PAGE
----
“Thou shalt not kill” is presented by Sacred Scripture as a divine commandment. There are times when this commandment seems to pose paradoxical situations, as for example with the question of self defense. One has a right to protect one’s own life, but also the duty not to harm another’s life. Moral theology, however, instructs that legitimate defense is not only a right but a grave duty for someone responsible for another’s life, for the common good of the family or for the common good of the state. As the exercise of that obligation may sometimes result in the taking of human life, “the fatal outcome,” as Thomas Acquinas presented the argument on behalf of “just war” and other acts of self-defense, “is attributable to the aggressor whose action brought it about.”

Of course, if bloodless means are sufficient to defend lives against aggressors, to protect public order and the safety of persons, public authority must limit itself to such means. Why? Because they better correspond to the concrete conditions of the common good and are more in conformity to the dignity of the human person. “Thou shalt not kill” commands us to respect every human life, even that of unjust aggressors, of sexually depraved child murderers, of remorseless mass murderers.

But does not the blood of those murdered cry out from the ground for justice? Yes, as it ever has since Cain slew Abel. And the crime cannot be left unpunished. But let us look at how God responded when death first entered this world. “God did not make death, and he does not delight in the death of the living. For He has created all things that they might exist” (Wisdom 1:13-14). But death entered in a violent way, with the killing of Abel by his brother Cain. And God intervened to avenge the murdered Abel, telling Cain “The voice of your brother’s blood cries to me from the ground” (Gen. 4:8). Let us look, however, at His punishment of Cain, because even here we see that not even a murderer loses his personal dignity. Cain is cursed by God and by the earth. And Cain pleads “My punishment is greater than I can bear. Behold You have driven me this day away from the ground; and from Your face I shall be hidden; and I shall be a fugitive and wanderer on the earth, and whoever finds me will slay me.” God is merciful, though, even when He punishes, and he tells Cain “Not so! If anyone slays Cain, vengeance shall be taken upon him sevenfold.” God preferred the correction rather than the death of a sinner. God did not punish murder by taking the life of the murderer.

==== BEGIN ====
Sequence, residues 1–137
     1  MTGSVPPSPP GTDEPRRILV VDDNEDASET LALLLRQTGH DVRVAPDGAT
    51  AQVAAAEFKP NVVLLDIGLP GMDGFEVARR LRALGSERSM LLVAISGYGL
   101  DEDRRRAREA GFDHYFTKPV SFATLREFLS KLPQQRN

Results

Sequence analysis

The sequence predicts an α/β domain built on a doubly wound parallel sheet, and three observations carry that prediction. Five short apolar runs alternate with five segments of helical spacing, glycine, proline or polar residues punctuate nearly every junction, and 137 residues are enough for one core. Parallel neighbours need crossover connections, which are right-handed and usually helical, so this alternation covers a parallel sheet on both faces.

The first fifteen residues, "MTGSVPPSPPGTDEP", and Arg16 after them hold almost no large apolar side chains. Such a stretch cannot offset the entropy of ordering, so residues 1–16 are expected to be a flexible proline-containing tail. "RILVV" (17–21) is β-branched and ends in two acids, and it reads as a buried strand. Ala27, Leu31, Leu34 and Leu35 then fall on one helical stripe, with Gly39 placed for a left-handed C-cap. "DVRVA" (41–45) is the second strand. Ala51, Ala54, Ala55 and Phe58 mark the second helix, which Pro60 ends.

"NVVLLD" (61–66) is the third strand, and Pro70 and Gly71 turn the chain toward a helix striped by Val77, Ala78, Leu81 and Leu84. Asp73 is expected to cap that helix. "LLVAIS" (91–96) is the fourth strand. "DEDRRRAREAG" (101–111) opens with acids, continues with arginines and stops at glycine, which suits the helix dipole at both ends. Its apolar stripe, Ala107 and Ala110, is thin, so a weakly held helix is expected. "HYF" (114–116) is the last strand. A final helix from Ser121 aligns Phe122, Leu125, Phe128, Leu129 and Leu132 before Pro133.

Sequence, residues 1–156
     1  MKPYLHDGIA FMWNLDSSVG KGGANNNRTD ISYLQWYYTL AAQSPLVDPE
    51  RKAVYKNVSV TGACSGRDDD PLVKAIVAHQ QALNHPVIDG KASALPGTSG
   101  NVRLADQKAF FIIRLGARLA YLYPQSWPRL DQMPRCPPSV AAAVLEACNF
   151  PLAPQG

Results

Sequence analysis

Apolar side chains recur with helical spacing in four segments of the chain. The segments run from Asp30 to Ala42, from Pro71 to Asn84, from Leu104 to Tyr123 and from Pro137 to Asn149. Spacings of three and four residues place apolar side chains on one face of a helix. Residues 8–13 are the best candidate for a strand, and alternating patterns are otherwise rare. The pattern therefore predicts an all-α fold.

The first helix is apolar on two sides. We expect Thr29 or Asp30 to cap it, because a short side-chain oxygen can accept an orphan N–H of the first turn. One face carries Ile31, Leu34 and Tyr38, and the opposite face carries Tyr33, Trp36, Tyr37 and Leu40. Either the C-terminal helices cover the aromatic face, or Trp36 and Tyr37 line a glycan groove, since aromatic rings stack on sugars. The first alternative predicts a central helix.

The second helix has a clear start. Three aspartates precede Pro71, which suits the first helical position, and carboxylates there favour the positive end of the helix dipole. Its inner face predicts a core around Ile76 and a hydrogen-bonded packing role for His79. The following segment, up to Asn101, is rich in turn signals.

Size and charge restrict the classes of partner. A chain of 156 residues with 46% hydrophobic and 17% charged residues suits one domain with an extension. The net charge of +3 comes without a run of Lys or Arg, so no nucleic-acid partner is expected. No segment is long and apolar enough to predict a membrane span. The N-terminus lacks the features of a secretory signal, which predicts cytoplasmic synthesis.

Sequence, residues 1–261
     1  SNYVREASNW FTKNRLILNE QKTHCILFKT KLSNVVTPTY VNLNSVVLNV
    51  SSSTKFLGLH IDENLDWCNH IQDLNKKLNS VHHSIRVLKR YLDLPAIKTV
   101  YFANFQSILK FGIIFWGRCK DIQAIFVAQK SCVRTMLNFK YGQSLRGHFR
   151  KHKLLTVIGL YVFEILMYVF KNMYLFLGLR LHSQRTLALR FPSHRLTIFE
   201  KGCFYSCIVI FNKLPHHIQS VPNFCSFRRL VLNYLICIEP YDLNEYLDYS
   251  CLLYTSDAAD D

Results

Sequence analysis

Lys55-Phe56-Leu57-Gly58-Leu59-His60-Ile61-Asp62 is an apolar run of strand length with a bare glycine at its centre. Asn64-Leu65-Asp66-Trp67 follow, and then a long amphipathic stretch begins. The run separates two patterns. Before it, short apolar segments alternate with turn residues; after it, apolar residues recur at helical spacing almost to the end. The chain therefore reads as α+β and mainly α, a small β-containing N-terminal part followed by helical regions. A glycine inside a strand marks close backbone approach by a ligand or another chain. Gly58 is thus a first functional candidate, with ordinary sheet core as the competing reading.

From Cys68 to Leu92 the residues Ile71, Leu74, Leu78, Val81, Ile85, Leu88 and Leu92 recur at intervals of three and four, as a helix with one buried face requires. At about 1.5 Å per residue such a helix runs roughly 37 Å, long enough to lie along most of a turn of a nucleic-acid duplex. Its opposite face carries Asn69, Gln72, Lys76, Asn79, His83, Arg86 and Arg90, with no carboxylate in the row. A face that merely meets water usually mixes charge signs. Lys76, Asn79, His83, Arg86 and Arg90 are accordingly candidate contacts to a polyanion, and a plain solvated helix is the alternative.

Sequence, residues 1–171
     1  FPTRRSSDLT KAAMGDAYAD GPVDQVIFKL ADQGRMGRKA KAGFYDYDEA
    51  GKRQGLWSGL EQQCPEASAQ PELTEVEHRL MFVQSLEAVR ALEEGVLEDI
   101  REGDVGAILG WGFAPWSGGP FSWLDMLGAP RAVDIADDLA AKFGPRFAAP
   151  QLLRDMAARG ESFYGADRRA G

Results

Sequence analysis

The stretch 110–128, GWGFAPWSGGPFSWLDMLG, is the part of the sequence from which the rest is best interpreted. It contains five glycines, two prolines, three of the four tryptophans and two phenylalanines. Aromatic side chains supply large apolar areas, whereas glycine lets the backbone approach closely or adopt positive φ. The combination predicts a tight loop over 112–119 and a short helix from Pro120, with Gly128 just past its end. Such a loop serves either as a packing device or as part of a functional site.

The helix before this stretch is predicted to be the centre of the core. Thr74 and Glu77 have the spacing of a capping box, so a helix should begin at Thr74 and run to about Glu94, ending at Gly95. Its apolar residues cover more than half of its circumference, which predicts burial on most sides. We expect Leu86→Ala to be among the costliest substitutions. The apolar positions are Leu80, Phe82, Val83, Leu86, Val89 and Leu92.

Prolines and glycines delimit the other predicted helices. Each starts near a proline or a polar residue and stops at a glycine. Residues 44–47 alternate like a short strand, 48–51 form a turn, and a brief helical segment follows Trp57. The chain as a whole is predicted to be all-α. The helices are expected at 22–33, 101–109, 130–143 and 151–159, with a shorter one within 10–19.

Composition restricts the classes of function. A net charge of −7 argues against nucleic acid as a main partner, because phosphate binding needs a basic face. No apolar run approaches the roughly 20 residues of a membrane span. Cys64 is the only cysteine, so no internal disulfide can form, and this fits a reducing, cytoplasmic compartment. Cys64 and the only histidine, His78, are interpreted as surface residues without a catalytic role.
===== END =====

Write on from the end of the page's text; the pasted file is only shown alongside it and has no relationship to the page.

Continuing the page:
Executing Timothy McVeigh to avenge those whose deaths he brought about borders on committing an evil for a good intention; vengeance ought never be a criterion by which the taking of human life is permitted. Passions may feed the desire to impose the supreme punishment on him, the penalty of death, but what is the right intention here? For the punishment of Timothy McVeigh, the question has to be asked “what best redresses the disorder caused by his offense.” Is his execution absolutely necessary to defend society? Incarceration for life removes him as a threat to society. Taking his life is not necessary to accomplish that.